For the first 20 minutes last Thursday night against the Michigan Tech Huskies, the Hillsdale College men’s bas­ketball team looked sluggish. The Chargers needed a win to stay in the GLIAC tour­nament picture, but they trailed the Huskies 37 – 24 at halftime in front of a home crowd that had wit­nessed two straight comeback efforts fall short.
For the second 20 minutes, however, Hillsdale looked like a dif­ferent team. The Chargers shut down Michigan Tech’s offense and jump-started their own, outscoring the Huskies 42 – 24 in the second half to win 66 – 61.
Hillsdale won its second straight game on Sat­urday, shooting past the Northern Michigan Wildcats 85 – 70 to improve to 10 – 9 in the GLIAC and move into a four-way tie for sixth place in the GLIAC with three regular-season games remaining.
But the Chargers would be on the outside of the tour­nament if they hadn’t pulled out a win against the Huskies on Feb. 11.
“You almost saw a small sample size of our season within that game,” Chargers head coach John Tharp said. “We were much better defen­sively the second half than we were the first half. I thought we wore them down.”
The Chargers forced 11 turnovers in the second half alone, several of which were the result of junior forward Nick Archer’s physical inside play.
“We had a great sense of urgency in that second half. We fed off each other’s energy and the energy from the crowd, which made us a lot tougher defen­sively,” Archer said. “When we play that way we’re tough to beat. The trick is to be able to put forth that sort of effort for 40 minutes.”
Archer fin­ished with nine points and three rebounds, but his impact was felt beyond the stat sheet.
“He played really, really strong this weekend,” Tharp said. “He was a big boost for our team and our energy. He got some steals and worked in the post.”
With his team facing another second-half double-digit deficit, Tharp said it was Archer who got the Chargers back on track.
“When we go through a season as long as we do and you have the ups and downs — and none of us like those downs — you need some guys to snap you out of it,” Tharp said. “I thought he did.”
The Chargers used an 18 – 7 run to draw even with the Huskies at 54 – 54 with 5:58 remaining, and took the lead for good when senior point guard Zach Miller and sophomore guard Stedman Lowry hit back-to-back 3‑pointers to give Hillsdale a six-point lead with less than a minute left.
“For us to start out slowly like that and then pull our­selves out in the middle of the game and get a win was huge for us and allows us to see that we can win these bas­ketball games,” said senior forward Kyle Cooper, who led the Chargers with 25 points and 12 rebounds. “We saw the formula that we need to execute to win, and that’s being really active on the defensive end, and running spaced motion on the offensive end.”
The Chargers didn’t need a dra­matic comeback to defeat the Northern Michigan Wildcats on Sat­urday, as their offense got the job done. Hillsdale fin­ished with a 63-percent shooting clip (32-for-51) from the field, thanks in large part to Cooper’s third-career 40-point per­for­mance. Cooper, who leads the GLIAC with 22.9 points per game and was awarded his fourth GLIAC North Player of the Week award of the season on Monday, shot 81 percent (13-for-16) from the field and 80 percent (4‑for‑5) from 3‑point ter­ritory.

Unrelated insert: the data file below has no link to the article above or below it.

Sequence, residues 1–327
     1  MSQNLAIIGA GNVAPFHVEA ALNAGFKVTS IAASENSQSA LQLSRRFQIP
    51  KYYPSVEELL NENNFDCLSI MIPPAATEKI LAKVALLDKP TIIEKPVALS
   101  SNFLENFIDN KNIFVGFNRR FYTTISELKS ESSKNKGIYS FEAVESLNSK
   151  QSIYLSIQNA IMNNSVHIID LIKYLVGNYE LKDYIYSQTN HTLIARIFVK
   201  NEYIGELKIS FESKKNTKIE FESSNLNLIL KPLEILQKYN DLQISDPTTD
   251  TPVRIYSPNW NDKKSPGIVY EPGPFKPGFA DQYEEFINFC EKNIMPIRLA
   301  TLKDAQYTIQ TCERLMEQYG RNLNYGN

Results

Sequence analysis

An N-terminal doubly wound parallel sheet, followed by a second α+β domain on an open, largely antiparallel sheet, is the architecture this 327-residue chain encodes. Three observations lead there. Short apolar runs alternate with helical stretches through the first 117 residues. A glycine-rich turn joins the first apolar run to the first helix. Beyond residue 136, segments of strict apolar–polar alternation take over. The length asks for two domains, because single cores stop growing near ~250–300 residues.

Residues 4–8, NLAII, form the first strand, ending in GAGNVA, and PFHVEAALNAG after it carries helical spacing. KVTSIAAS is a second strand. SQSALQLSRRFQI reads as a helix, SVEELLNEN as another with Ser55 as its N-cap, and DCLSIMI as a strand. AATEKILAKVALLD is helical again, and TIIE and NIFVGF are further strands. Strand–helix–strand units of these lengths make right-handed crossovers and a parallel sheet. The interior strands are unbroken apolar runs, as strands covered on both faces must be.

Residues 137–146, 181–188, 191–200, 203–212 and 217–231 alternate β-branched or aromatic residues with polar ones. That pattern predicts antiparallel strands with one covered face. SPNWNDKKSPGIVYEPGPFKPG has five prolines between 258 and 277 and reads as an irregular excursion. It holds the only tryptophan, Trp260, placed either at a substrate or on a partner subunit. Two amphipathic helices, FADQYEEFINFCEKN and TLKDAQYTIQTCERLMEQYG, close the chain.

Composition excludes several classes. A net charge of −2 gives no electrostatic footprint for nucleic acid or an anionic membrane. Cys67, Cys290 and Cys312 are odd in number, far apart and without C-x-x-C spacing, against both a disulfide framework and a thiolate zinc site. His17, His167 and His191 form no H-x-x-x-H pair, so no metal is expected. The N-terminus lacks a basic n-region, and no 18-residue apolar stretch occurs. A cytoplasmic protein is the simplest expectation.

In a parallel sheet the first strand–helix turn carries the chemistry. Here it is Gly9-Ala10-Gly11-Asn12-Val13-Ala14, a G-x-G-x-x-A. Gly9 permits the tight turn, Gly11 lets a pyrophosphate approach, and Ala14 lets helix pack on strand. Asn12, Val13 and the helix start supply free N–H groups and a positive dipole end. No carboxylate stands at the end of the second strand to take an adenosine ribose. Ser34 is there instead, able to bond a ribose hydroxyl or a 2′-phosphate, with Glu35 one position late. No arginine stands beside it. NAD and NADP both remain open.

“We got him the ball in the right posi­tions on the floor,” Tharp said. “I wouldn’t have guessed he had 40. I don’t know if you can have a quiet 40 or not but he had that quiet game. He just did it inside, he did it outside, he did it at the free throw line, did it in tran­sition, had a couple offensive rebounds. He was pretty impressive.”
Cooper said the Chargers were “due” for a good shooting per­for­mance.
“It feels like it had been forever since we had a good shooting day. But really I think it came down to just taking our time on offense,” Cooper said. “We didn’t try to force too many things. It was more about setting good screens and getting each other open.”
To pre­serve “freshness,” Tharp gave his players Sunday and Monday off before they began to prepare for tonight’s game at fourth-place Ferris State at 8 p.m.
“There’s things that we’ve learned from the first game. Ferris State is just incredibly ath­letic,” Tharp said. “They offensive rebound incredibly well, they’re really good in tran­sition, they’ve got a lot of guys that can do a lot of dif­ferent things, so that gives us a certain chal­lenge.”
Hillsdale will return home for a matchup against the Grand Valley Lakers on Sat­urday at 3 p.m. As it is the final home game of the season, the Chargers will conduct a pregame Senior Day cer­emony to honor their grad­u­ating seniors.
“It’s going to be really weird to be com­pletely honest,” Miller said. “Knowing that it’s the last time playing out on our home floor with all my boys is going to be weird for me. I’m sure I’m going to be pretty hyped up early on before it starts but once things get going it’ll be just another game.”
The Chargers are tied with the Lakers in the GLIAC standings, so Cooper, Miller, and other seniors are focused on grabbing the right result.
“I’d love to be able to think about the fact that it’s my last home game and stuff, and that’ll obvi­ously be a big deal and I’ll walk out with my family before the game, but just as important I think is the fact that we’re tied with Grand Valley right now,” Cooper said. “I don’t think there’s any need for any external moti­vation for that game. It’s going to be huge and I’m just hoping that we can come out with a ton of energy and play a really good bas­ketball game from start to finish.”